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4 Comments

  • Michael, your mention of hunger being ‘part of the universal human experience’ reminds me of a lexical gap that has always intrigued me. There appears to be no word in English that simply means ‘to give someone a drink’. You EAT something, you FEED someone, you DRINK something, and you … X someone. There are, of course, restricted-use words and expressions like ‘wine and dine’, ‘water the horses’, ‘to be fed and watered’, ‘feed a baby’, but not a common general-purpose word for this most fundamental of activities.

  • Very interesting point, Andrew. I suspect the same gap is there in most Germanic languages (e.g. Dutch has ‘voeren’ (= feed) but no equivalent for giving someone a drink). However, Hungarian – a member of a totally different language family – has words for both food and drink: ‘etet’ (= give food to someone) and ‘itat’ (= give a drink to someone). You’ll see that the words are formed with a specific suffix (tat/tet), which may be the reason for the gap not existing in the first place, i.e. you don’ t need to create a completely new / different word, a suffix can do the job easily enough.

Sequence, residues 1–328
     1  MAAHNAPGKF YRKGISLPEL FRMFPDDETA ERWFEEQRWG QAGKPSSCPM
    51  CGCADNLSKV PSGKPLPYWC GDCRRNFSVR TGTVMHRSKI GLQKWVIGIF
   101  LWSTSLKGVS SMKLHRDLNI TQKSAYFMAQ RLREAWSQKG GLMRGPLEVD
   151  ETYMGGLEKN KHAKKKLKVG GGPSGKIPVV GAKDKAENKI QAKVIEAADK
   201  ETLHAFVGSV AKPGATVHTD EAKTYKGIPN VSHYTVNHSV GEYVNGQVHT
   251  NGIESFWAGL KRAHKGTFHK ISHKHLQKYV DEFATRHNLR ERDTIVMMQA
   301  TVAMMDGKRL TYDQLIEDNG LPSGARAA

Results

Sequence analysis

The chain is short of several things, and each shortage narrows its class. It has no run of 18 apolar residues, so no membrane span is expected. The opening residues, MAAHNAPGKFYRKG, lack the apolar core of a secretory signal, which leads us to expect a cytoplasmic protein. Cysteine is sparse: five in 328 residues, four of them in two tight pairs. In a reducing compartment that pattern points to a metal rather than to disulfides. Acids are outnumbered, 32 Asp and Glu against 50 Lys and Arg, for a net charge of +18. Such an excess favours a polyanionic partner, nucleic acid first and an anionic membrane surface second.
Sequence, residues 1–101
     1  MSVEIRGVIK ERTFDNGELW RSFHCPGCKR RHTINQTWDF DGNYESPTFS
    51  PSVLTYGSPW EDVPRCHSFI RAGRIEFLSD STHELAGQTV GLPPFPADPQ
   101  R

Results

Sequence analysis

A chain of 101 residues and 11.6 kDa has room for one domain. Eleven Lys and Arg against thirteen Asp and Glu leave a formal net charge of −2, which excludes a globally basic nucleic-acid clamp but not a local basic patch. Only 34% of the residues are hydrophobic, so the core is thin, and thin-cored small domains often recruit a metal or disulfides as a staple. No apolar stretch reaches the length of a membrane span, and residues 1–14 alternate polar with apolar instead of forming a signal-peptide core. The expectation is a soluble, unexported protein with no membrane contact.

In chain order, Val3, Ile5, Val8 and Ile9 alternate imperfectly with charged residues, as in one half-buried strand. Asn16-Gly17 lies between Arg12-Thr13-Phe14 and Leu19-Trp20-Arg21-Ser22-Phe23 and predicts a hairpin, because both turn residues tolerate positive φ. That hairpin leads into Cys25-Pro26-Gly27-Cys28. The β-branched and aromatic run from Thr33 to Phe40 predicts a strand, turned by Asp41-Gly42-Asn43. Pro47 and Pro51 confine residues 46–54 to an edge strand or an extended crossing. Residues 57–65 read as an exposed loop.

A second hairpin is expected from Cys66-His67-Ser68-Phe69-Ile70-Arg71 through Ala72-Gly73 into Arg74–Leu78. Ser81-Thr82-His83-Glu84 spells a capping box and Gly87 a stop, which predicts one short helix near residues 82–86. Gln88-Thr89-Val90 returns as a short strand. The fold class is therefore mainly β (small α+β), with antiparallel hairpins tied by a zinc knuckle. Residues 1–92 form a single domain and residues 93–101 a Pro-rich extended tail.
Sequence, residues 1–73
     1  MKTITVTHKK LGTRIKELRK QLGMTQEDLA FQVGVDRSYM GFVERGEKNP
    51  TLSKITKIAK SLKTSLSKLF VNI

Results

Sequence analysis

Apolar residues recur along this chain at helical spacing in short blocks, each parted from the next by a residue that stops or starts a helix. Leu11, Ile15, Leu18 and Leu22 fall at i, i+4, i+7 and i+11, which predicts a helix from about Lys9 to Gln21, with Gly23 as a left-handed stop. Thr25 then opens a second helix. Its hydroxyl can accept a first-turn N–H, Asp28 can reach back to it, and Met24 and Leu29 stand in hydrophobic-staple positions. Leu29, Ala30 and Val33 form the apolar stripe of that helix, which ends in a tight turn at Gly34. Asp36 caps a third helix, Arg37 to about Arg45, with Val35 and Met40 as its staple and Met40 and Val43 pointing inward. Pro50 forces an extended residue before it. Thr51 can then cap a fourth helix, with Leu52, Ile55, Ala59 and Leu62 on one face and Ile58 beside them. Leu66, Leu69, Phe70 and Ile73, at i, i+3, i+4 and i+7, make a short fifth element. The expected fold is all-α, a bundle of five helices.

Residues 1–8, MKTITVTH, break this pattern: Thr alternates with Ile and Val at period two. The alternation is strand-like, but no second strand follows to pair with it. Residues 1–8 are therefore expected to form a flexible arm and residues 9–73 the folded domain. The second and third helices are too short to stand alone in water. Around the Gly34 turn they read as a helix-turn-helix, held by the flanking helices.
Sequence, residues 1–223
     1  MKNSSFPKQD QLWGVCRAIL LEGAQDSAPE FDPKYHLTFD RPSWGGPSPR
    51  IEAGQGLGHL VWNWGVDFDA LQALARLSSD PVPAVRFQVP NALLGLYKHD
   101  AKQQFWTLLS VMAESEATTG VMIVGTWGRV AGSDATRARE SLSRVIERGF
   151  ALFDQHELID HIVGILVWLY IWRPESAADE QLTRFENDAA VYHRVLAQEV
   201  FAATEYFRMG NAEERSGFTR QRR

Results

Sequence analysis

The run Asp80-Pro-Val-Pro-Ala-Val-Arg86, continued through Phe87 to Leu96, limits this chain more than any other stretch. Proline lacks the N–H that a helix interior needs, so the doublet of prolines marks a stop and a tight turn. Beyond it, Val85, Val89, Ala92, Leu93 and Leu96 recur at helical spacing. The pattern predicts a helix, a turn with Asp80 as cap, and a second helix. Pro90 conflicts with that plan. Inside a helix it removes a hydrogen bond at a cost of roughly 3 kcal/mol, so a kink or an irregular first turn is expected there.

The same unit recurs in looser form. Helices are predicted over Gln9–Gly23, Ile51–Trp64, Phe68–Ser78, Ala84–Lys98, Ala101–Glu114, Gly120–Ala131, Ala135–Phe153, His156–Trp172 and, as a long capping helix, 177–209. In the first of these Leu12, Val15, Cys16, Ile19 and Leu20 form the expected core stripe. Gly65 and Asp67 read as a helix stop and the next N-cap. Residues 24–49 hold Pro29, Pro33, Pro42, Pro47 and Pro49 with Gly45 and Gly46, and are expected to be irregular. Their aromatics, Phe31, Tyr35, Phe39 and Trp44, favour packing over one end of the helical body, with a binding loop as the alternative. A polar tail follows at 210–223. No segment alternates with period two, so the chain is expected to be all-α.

• Old English had a liquid equivalent of ‘feed’: the causative verb ‘drencan’, corresponding to ‘drincan’ (= ‘drink’).
    (See http://www.macmillandictionaries.com/med-magazine/February2006/35-Feature-Spread-Word.htm )
    ‘Drencan’ is the ancestor of the modern word ‘drench’, which has of course a rather different, though related, meaning.

    Modern German has ‘tränken’, meaning to give water to animals, and also to soak/impregnate. Swedish has ‘dränka’ (transitive), meaning to drown, soak, etc. (literally and metaphorically) and coresponding to ‘dricka’, meaning to drink, and ‘drunkna’ (intransitive), meaning to drown.

    Pairs of morphologically-related active / causative verbs are an old feature of Germanic languages. There are relatively few in modern English, compared with German – examples include sit/set, lie/lay, fall/fell, rise/raise. In the case of drink/drench, the divergence of meaning has left the lexical gap that Andrew mentions.